Los Angeles Lakers Introduce Mike Brown

Jim Buss is frustrated with Lakers production, too

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Jim Buss is just like every Lakers fan, frustrated by the 9-13 start, the lackluster defensive rotations, the lack of any team identity, the injuries and more.

Except, he is part of the reason the Lakers are where they are — he’s the defacto owner now. He gets part of the blame.

In a text to Sam Amick of USA Today he simply sounded frustrated, like a lot of Lakers fans (just less angry).

“It’s very frustrating, because I think there are many little factors that are causing the issues that we’re having,” Buss wrote in a text message to USA TODAY Sports on Wednesday. “Nash, injuries, (a) new system. Like I said before, there are a lot of little ones, but the ones that figure to help the most would be Nash returning (and) Gasol returning and just playing together in a new system.”

Getting healthy certainly is the first step for the Lakers. As GM Mitch Kupchak has said, right now it is impossible to evaluate these Lakers because all the pieces aren’t there.

But the Lakers are a team without an identity, and if Buss wants to blame someone for that he can go find a mirror. The Lakers brought in two key new players in Steve Nash and Dwight Howard. They chose not to make a move with Mike Brown over the summer, bringing him back with a brand new offense installed during training camp. Then despite injuries that never allowed him to get his new offense running right, management moved to fire Brown and bring in Mike D’Antoni and his radically different offense and philosophy. On the fly with the season underway and injuries already hitting the roster.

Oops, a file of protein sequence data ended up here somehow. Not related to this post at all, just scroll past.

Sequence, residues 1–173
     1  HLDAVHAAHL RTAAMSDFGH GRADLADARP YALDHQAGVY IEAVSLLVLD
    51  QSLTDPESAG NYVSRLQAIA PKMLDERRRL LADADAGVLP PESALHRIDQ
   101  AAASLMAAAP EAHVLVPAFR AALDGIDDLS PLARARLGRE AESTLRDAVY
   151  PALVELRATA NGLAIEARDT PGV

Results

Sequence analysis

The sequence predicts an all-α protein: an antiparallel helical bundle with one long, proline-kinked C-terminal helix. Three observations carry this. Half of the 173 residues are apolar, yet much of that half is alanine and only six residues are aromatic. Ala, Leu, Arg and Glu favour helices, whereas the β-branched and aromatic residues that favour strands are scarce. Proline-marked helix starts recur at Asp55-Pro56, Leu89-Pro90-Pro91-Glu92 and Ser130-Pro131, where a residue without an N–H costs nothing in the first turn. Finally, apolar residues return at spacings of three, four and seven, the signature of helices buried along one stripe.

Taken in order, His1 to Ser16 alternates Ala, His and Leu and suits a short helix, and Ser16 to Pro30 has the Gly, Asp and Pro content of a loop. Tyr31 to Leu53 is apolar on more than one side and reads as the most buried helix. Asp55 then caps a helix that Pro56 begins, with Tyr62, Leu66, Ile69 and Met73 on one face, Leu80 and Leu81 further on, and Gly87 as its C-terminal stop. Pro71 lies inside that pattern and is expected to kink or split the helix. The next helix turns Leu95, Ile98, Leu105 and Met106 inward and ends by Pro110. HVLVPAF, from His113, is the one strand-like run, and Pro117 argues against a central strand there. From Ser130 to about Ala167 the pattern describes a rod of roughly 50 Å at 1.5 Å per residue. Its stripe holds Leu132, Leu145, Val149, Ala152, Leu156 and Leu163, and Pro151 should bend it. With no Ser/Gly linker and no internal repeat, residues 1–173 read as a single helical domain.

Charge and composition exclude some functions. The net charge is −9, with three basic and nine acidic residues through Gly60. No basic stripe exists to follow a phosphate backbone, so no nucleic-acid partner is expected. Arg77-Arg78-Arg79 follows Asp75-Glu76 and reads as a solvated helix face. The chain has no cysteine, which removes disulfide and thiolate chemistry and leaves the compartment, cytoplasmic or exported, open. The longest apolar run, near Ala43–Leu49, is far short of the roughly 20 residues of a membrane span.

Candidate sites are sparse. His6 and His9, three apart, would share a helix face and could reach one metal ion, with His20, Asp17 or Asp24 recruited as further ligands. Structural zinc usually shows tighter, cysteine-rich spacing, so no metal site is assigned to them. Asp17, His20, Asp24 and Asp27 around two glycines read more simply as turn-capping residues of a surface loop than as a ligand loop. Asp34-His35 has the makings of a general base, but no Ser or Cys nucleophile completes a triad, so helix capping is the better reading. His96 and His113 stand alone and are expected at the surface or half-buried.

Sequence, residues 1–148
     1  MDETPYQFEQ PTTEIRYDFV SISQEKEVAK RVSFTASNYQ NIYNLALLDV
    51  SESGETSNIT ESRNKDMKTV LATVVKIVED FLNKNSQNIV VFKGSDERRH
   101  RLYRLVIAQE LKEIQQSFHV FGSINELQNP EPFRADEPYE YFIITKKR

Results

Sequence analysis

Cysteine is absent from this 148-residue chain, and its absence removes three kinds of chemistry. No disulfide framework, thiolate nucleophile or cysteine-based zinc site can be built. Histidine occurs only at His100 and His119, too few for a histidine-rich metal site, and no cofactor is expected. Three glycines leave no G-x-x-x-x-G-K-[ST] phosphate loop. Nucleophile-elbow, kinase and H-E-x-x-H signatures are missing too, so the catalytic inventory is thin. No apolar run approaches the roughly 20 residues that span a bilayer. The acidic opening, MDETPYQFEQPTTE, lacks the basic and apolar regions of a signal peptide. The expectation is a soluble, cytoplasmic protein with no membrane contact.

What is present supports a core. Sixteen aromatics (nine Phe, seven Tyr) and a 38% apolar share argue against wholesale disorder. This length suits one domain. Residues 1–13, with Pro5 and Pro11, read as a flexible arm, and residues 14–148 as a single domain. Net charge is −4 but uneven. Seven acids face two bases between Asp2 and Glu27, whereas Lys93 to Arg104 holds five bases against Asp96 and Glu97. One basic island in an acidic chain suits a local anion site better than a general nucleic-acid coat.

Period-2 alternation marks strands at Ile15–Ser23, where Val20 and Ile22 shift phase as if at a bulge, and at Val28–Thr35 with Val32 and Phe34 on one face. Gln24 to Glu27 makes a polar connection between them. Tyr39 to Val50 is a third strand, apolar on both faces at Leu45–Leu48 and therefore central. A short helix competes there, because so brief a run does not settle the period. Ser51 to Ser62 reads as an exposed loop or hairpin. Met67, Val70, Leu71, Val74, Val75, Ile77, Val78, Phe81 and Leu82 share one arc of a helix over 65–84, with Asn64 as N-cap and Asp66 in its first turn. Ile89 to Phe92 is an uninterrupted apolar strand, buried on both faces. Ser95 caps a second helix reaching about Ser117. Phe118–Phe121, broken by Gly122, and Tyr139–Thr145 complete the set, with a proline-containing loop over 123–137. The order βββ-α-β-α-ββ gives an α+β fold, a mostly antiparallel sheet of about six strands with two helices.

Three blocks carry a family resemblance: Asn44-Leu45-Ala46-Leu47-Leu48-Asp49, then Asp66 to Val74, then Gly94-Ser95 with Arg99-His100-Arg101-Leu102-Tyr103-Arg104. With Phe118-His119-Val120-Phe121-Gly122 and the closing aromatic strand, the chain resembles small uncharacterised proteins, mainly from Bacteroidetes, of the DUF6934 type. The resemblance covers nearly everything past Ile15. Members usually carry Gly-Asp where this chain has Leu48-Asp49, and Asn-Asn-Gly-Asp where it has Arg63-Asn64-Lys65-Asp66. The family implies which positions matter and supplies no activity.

And you wonder why this team has no identity?

The Lakers will start to find that identity at some point once they start to get healthy and the team plays together. The problem is the hole they dug themselves with the start will come back to haunt them when they play a lot of road playoff games.

Three Hawks lose uncontested rebound out of bounds (video)

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How did Mike Scott, Mike Dunleavy and Malcolm Delaney fail to secure this rebound?

No wonder the Hawks lost to a Clippers team playing without Chris Paul and Blake Griffin.

James Harden makes impressive chase-down block. Really. (video)

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If we’re going to post all of James Harden‘s defensive lowlights, it’s only fair to acknowledge this impressive block.

Please overlook the fact that Jason Terry is 39 years old.

Steven Adams posterizes Rudy Gobert AND Derrick Favors with one thunderous dunk (video)

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Rudy Gobert and Derrick Favors form an impressive defensive tandem that usually walls off the paint.

If there were any walls here, Steven Adams jumped right over them.

Video Breakdown: How Kyle Lowry dismantles NBA defenses from 3-point range

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Toronto Raptors star Kyle Lowry is arguably the team’s best player thanks in large part to his increase in 3-point shooting ability this season. He’s just above 43 percent from deep this year, much better than his career average of 36 percent. Lowry has increased his 3-point percentage six points over last season, and he’s a big part of why the Raptors are so good on offense, and why they’re a contender in the Eastern Conference.